“How much can I make?” That is typically the first question a prospective franchisee asks when evaluating a franchise opportunity. If you are considering franchising your business, ask yourself whether you have financial information you can, and want, to provide to prospective franchisees that will answer this question.

By law, a franchisor can only give financial information to prospective franchisees in its franchise disclosure document. The information you provide can be actual, historic results, or it can be projections. However, in either case, the information must be based on actual results from your system. Thus, it is not permissible to simply give a hypothetical, such as “if you sell only $400,000 a year, here is what you will make,” unless you actually had an outlet that had $400,000 of revenues. You can use the results of company-owned outlets, so long as you show the differences, like royalty payments, that would have occurred had the outlets been operated by a franchisee.

From a practical standpoint, you can present financial information to prospective franchisees even if you have only one operating outlet. However, if that one outlet turns out to be an aberration, you are likely to have unhappy franchisees when they cannot replicate the success of that outlet. Thus, it has always been our advice that a company has financial information from at least two outlets before including financial results in their disclosure document.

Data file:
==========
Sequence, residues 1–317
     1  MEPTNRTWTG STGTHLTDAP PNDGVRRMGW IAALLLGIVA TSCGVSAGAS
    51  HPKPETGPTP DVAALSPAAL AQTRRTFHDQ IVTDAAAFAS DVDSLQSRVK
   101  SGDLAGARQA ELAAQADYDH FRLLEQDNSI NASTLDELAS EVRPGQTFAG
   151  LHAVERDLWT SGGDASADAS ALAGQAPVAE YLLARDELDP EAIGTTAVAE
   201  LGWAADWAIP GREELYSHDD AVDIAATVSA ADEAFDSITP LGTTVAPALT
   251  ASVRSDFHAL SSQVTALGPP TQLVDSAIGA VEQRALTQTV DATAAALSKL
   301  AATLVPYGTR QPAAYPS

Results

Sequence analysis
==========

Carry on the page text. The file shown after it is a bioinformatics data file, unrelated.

If you want to franchise your business and do not have any company-owned operations, you can still offer franchises, but you will not be able to answer a prospect’s questions about what they can make. That will put you at a competitive disadvantage with other franchisors who provide this information to prospective franchisees. Indeed, the majority of franchisors now include financial information about their individual outlets in their disclosure documents.

There is one last question to ask yourself, perhaps before embarking on a developing a franchise program. Assuming you have results to show prospects, ask yourself whether the results of your existing operations would entice prospects to acquire a franchise from you. If your past results are weak, you may want to focus on strengthening your brand before embarking on franchising. After all, franchisees are buying into your success, and you want your franchise program, and your initial franchisees, to get started on the right – i.e. profitable – foot.